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Quality Issues and Standards
June 5, 2002

Effects of Technical Editing in Biomedical Journals: A Systematic Review

Author Affiliations

Author Affiliations: Sideview, Buckinghamshire, England (Ms Wager); Australian Safety and Efficacy Register of New Intervention Procedures-Surgical, Royal Australasian College of Surgeons, Adelaide, Australia (Ms Middleton).

JAMA. 2002;287(21):2821-2824. doi:10.1001/jama.287.21.2821

Context Technical editing supposedly improves the accuracy and clarity of journal articles. We examined evidence of its effects on research reports in biomedical journals.

Methods Subset of a systematic review using Cochrane methods, searching MEDLINE, EMBASE, and other databases from earliest entries to February 2000 by using inclusive search terms; hand searching relevant journals. We selected comparative studies of the effects of editorial processes on original research articles between acceptance and publication in biomedical journals. Two reviewers assessed each study and performed independent data extraction.

Results The 11 studies on technical editing indicate that it improves the readability of articles slightly (as measured by Gunning Fog and Flesch reading ease scores), may improve other aspects of their quality, can increase the accuracy of references and quotations, and raises the quality of abstracts. Supplying authors with abstract preparation instructions had no discernible effect.

Conclusions Considering the time and resources devoted to technical editing, remarkably little is known about its effects or the effects of imposing different house styles. Studies performed at 3 journals employing relatively large numbers of professional technical editors suggest that their editorial processes are associated with increases in readability and quality of articles, but these findings may not be generalizable to other journals.

Most articles in biomedical journals undergo some form of editing between acceptance and publication. The intensity and type of editing vary between journals but the process often includes applying house style to references, abbreviations, and numbers, checking articles for consistency, clarity, and completeness, and correcting grammatical errors. For this review, we examined any processes applied to articles between acceptance and publication that were designed to improve accuracy or clarity or impose a predefined style.


We performed a systematic review using Cochrane methods,1 searching MEDLINE, EMBASE, Current Contents, and 10 other databases from earliest entries to February 2000. We used inclusive search terms such as writing, editing, accuracy, and readability. Relevant journals (eg, Learned Publishing, Journal of Information Sciences, and JAMA special issues on peer review) were hand searched. We contacted researchers working in the field to request publications that we had missed. The full search strategy is described in the protocol.1

The full review included any comparative studies of the effects of processes designed to improve the quality of accepted research articles in biomedical journals.1 Those on editorial decision making and peer review formed the basis of a separate review.2 Although we sought evidence about biomedical journals, we did not restrict our search to studies published in such journals. Studies of readability or comprehension had to involve journal readers (ie, health care professionals). We included articles in any language but restricted our searches on evidence about improving writing style to English. This article presents the findings from the subset of articles that focused on editorial processes between acceptance and publication. Details of studies on the effects of other processes, such as providing instructions to contributors and imposing a structured abstract format, can be found in the Cochrane review.1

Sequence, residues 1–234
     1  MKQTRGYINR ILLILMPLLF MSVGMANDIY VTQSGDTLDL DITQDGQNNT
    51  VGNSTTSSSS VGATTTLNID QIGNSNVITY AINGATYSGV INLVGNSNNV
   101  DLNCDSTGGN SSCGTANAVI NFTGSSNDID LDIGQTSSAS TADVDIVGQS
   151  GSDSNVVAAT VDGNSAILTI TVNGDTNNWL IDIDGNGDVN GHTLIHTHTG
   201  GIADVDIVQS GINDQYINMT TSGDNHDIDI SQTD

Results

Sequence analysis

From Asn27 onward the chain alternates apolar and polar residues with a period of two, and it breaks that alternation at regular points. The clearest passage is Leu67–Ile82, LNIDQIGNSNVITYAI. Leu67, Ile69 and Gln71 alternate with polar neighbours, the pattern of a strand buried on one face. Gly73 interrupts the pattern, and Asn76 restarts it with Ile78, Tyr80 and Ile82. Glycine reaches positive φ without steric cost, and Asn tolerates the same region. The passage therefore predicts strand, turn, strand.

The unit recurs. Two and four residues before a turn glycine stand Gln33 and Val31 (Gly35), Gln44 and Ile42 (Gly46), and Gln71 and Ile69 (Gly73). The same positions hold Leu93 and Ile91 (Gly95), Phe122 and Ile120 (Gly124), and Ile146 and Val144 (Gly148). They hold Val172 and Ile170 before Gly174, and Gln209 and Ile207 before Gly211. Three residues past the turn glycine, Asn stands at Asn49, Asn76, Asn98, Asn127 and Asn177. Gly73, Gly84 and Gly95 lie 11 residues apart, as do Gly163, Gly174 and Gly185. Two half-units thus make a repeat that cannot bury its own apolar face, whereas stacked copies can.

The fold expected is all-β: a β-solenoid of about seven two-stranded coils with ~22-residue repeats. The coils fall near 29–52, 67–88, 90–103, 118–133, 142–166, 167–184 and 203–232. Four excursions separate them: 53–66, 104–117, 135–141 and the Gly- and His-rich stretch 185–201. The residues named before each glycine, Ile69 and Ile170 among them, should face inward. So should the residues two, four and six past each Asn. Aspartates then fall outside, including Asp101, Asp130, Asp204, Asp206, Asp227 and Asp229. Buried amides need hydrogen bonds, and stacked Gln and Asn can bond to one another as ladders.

Because few studies used comparable methods, we performed a descriptive review of 11 articles (Table 1).

Table. Summary of Studies on Technical Editing
Table. Summary of Studies on Technical Editing
Image description not available.

The study at the Dutch Medical Journal3 demonstrated significant improvements in papers between acceptance and publication, as measured by readers using a purpose-designed scoring system. Another study at Annals of Internal Medicine4 showed similar improvements but compared submitted and published versions and so was unable to distinguish the effects of peer review from technical editing.

Two studies compared readability scores and demonstrated improvements between submission and publication.5,6 Although the improvements were statistically significant, the absolute increases were small, and scores indicate that, even after editing, the articles remained difficult to read. Guidelines for using the Flesch readability scale suggest that scores of 50 to 60 are desirable for standard documents, but articles in studies scored around 30.14 The Gunning Fog test, which gives lower scores for clearer writing, indicated that papers remained difficult to read, with scores of 15 to 17, on a par with legal contracts or corporate reports (as opposed to quality newspapers, which score about 9).15 The articles did not provide details about which interventions were thought to affect readability.

Three studies considered the effects of technical editing on the accuracy of reference citations and quotations.7-9 Those that compared submitted and published versions showed clear improvements in accuracy.7,8 A comparison of journals with different checking policies was less conclusive.9

A study of abstract completeness and consistency indicated variation between journals but could not identify the processes associated with better results,10 while 2 studies relating to the introduction of more intensive abstract editing at JAMA showed clear improvements in accuracy after the intervention.11,12 Another study by Pitkin and Branagan13 examined the effects of sending abstract preparation instructions to authors after their article had been accepted but did not detect any improvement in the quality of abstracts from authors who had received the intervention.